Mei had been only eleven years old when that happened, and it had been a long and bloody battle since. Not long afterward the playground bullying incident occurred, which intensified the cutting as well as brought bulimia into the picture. Mei soon found herself regularly dealing not only with the searing pain from the blade but also with the sensation of fire burning in her throat.

As time went on, Mei's secret habits began to spin out of her control until they eventually became addictions that wreaked havoc on both her social and academic life. After word of her failing grades spread to her over-achieving sister, she began to receive nasty phone calls demanding what her problem was. However, her sister's furious rants weren't nearly as painful as the way in which her father expressed his disappointment- through tragic, unbearable silence.

And it had been that way ever since. Of course, neither her father nor her sister knew about Mei's dark secrets… not until the butter knives incident, anyway. Satsuki had been absolutely mortified ("How dare you treat your body in such a way! Don't you realize how lucky you are? You should be ashamed!") while her father merely handed her a pamphlet for rehab, and that was the end of that.

Of course, therapy had in no way cured Mei's self-esteem issues or the heartache she felt whenever she thought about her past, but it had succeeded in stopping her from lashing out at herself. Months had passed since she had picked up a razor blade or bent over the toilet with one hand clutching her stomach and the other halfway down her throat. She finally saw her habits for what they were- ugly attempts to fix her own brokenness.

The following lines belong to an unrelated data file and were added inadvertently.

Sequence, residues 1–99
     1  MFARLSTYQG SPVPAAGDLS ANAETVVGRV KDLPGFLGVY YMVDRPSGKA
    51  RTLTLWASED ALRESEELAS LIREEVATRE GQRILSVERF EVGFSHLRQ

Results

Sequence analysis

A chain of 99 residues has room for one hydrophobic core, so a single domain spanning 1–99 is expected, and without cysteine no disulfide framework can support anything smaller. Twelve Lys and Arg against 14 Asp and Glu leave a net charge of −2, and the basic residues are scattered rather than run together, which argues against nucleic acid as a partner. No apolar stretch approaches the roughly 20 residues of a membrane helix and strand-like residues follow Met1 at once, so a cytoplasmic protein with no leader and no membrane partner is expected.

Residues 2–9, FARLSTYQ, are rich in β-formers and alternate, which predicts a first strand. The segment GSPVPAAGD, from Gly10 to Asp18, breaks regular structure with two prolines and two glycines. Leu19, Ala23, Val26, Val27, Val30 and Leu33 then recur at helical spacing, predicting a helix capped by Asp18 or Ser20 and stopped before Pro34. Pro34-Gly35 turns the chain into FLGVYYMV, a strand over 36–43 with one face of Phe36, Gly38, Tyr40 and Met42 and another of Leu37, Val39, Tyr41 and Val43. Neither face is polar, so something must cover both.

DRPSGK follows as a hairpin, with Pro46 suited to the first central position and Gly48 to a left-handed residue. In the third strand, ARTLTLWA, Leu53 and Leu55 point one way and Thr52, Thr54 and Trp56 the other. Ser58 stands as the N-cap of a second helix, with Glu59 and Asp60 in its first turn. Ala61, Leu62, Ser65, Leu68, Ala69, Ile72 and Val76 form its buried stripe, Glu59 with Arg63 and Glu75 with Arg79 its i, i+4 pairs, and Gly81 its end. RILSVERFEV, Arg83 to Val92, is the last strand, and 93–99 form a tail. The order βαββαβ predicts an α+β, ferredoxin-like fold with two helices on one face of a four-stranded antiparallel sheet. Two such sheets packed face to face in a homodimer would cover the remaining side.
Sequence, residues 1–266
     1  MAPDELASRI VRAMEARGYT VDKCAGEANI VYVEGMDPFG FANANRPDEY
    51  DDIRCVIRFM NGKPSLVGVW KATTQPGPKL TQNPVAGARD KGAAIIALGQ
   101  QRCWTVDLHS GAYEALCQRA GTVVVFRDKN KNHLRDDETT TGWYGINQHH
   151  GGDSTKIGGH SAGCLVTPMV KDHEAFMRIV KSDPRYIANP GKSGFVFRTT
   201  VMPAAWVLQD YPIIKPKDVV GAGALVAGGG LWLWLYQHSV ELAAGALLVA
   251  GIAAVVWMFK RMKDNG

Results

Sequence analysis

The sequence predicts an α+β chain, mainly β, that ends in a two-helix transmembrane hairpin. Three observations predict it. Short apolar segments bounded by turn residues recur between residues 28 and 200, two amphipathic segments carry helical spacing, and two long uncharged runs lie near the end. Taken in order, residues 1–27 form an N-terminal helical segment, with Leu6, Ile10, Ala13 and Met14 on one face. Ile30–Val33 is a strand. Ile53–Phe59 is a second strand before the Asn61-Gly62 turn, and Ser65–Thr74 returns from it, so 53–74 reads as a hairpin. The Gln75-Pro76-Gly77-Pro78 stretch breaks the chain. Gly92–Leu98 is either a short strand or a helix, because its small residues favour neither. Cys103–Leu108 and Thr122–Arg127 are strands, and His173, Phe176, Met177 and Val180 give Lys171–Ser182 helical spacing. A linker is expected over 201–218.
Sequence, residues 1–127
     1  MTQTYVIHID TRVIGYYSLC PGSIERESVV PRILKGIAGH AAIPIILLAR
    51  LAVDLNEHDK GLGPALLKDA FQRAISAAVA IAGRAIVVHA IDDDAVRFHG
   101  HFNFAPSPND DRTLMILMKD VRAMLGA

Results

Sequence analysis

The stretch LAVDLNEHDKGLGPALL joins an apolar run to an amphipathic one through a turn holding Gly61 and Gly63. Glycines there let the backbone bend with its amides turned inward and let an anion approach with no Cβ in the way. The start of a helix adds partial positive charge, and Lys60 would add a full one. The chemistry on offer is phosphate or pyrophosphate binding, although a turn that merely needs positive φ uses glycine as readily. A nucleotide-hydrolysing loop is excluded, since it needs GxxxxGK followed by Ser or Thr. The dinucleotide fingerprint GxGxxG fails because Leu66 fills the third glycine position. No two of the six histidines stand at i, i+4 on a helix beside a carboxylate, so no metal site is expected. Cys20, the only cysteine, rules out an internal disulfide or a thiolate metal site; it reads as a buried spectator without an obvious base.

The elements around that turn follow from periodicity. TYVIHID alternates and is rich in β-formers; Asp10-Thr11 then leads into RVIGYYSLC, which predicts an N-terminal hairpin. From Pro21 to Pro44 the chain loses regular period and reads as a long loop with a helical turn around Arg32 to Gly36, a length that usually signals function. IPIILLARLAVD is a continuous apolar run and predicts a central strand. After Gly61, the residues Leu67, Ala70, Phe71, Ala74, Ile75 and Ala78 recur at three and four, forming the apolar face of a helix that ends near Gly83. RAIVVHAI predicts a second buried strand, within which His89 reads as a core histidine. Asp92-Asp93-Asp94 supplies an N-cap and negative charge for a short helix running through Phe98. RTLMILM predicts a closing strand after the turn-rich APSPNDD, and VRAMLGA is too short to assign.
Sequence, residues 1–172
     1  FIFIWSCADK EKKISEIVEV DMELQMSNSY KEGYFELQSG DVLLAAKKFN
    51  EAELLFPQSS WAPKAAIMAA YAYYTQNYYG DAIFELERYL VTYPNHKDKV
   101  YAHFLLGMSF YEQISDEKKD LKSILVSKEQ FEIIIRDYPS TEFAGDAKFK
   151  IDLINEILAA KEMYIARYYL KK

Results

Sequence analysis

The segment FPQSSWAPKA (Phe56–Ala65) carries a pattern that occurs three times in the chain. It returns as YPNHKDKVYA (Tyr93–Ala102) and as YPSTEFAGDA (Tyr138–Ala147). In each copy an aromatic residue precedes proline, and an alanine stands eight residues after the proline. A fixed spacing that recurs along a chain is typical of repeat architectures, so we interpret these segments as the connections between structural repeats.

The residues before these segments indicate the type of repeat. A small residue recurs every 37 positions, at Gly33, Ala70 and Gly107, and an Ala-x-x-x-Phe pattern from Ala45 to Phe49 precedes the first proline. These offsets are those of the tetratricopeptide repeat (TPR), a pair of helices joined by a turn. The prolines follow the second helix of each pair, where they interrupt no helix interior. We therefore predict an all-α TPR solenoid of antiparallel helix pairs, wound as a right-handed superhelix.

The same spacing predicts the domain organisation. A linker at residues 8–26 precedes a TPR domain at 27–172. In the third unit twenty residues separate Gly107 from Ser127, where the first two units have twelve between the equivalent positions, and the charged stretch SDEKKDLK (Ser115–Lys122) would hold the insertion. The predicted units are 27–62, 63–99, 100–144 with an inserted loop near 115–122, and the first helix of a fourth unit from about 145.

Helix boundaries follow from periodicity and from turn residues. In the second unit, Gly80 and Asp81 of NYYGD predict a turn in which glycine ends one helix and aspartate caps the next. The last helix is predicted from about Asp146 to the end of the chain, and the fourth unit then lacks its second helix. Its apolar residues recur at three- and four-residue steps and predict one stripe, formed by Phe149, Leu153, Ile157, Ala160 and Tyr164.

As Mei crawled into her sleeping bag, she silently vowed to herself that she would cease believing in characters from bedtime stories. After all, she reminded herself, what good did Totoro do for me when I needed a friend the most?

And on that thought, Mei drifted into a dreamless sleep.


She awoke to the all-too familiar smell of freshly caught salmon. Mei rolled her eyes beneath closed eyelids. If there was one thing that hadn't changed about her father, it was the fact that he believed in eating fish for breakfast, lunch, and dinner, and even dessert on occasion. Yawning, Mei stood up and shuffled groggily towards the kitchen to help her father with the first of the three meals.